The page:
Top Three Reasons Not To Take The Job You've Been Offered
However, there are also a ton of reasons to turn a job down. It's perfectly understandable, when you are anxious about a finding a new position, to grab onto and accept the first one offered; especially if you're presently unemployed.
But don't let desperation rule your common sense. While it may seem like any job is better than none, remember that you spend about 25% of your time at work. Do you really want to dedicate such a large chunk of your valuable and irreplaceable hours feeling miserable, day after day, week after week?
1. BE AFRAID. BE VERY AFRAID
We don't always get along with our coworkers all of the time. But as adults we have, for the most part, learned how to deal with people with whom we just can't be friends. We don't have to like everyone; we just have to be able to work with them in tandem.
However, if you meet with your future boss and he comes across as condescending, disrespectful, or just downright rude, run, don't walk to the nearest exit. Think about it. He's meeting with a potential new hire. If this is how he treats you when he is supposed to be on his best behavior, how will he treat you when you become his subordinate? What makes you think his attitude will get better once you get the position?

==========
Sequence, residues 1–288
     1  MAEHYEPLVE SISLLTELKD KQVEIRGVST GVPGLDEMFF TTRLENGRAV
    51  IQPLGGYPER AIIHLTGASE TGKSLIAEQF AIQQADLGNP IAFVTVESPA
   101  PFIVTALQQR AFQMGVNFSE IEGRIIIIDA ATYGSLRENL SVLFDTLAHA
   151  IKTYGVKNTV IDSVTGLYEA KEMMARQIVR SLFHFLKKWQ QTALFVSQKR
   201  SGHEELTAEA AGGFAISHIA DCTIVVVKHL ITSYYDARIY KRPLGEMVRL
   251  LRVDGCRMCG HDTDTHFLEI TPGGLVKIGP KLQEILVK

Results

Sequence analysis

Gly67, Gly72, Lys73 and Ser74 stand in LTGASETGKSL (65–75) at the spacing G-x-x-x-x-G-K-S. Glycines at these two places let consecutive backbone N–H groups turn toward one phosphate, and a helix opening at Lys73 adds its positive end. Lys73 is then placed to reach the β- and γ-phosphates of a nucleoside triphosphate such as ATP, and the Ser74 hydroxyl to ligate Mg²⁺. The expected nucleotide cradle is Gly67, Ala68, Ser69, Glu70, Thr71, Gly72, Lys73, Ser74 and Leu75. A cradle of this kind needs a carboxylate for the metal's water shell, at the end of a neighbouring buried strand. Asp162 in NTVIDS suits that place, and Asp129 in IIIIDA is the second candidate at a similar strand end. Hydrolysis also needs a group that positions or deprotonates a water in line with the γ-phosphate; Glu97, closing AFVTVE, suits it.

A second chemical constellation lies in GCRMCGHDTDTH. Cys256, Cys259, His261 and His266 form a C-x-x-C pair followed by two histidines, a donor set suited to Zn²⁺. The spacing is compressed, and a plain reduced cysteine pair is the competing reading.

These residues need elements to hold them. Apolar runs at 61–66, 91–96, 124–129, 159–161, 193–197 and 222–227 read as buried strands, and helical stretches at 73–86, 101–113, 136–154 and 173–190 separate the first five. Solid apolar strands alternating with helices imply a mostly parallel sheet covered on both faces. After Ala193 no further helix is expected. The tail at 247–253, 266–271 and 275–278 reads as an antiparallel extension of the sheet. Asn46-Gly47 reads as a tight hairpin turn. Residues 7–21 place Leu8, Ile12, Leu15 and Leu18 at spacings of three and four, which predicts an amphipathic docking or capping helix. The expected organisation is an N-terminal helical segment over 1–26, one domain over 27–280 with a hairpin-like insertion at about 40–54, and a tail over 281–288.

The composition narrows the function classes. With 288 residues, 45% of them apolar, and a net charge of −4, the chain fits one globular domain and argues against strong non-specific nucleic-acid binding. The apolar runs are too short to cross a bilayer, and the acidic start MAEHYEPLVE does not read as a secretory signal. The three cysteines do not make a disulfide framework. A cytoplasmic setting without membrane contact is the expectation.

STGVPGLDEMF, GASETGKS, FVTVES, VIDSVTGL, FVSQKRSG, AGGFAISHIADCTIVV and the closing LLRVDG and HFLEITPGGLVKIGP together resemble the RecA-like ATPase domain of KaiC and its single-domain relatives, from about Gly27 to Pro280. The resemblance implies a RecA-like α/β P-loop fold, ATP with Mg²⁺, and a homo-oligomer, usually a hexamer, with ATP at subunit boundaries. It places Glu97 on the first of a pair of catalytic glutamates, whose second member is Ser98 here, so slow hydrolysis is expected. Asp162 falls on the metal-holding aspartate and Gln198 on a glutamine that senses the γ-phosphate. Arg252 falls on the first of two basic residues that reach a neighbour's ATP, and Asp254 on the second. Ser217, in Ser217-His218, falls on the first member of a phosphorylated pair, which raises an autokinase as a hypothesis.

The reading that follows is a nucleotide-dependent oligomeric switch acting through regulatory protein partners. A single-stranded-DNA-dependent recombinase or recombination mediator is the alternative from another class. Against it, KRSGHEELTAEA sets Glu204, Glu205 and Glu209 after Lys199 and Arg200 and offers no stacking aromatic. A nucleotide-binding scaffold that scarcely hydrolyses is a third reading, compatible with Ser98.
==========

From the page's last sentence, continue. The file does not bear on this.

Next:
2. ROCKS IN YOUR STOMACH
Listen to your gut instincts. Stop a moment and think about it; whenever you've had a strong gut instinct and you didn't listen to it, you have always regretted it. Your instincts are nothing more than your mind and body processing and reacting subconsciously to all you are seeing and hearing. If you are getting that rocks-in-the-stomach feeling every time you think of going to work at this new place, don't accept the offer. Yes, it will mean you still have to go on the dreaded job search a little longer, but that beats by a mile having to get up and trudge through your day as a wretched, desolate being. Which you will be, if you don't listen to your gut.
3. JOB DESCRIPTION DILEMMA
You're either not sure of exactly what the job entails, or you do know what it requires and deep down you know it's not right for you. Either way, it's a no win. Not for you and not for the company.
Not everyone can do everything. We are all good at some stuff, not so good at others. If the position hasn't been explained to you thoroughly as to what would be required of you, or worse, it has been explained and you know it's not right for you, don't let pride or fear of finding other work, force you into accepting a job you know you can't do. The end result could be something as minor as living with a daily constant headache while you dread going to work, or possibly being let go for delivering a substandard performance. Which will put you back to square one in your job search anyway.
So pay attention to your surroundings during the interview process, ask questions, and listen to your heart. If something doesn't feel right, it probably isn't. And start tomorrow fresh by looking for a job which will offer you a host of reasons to say yes.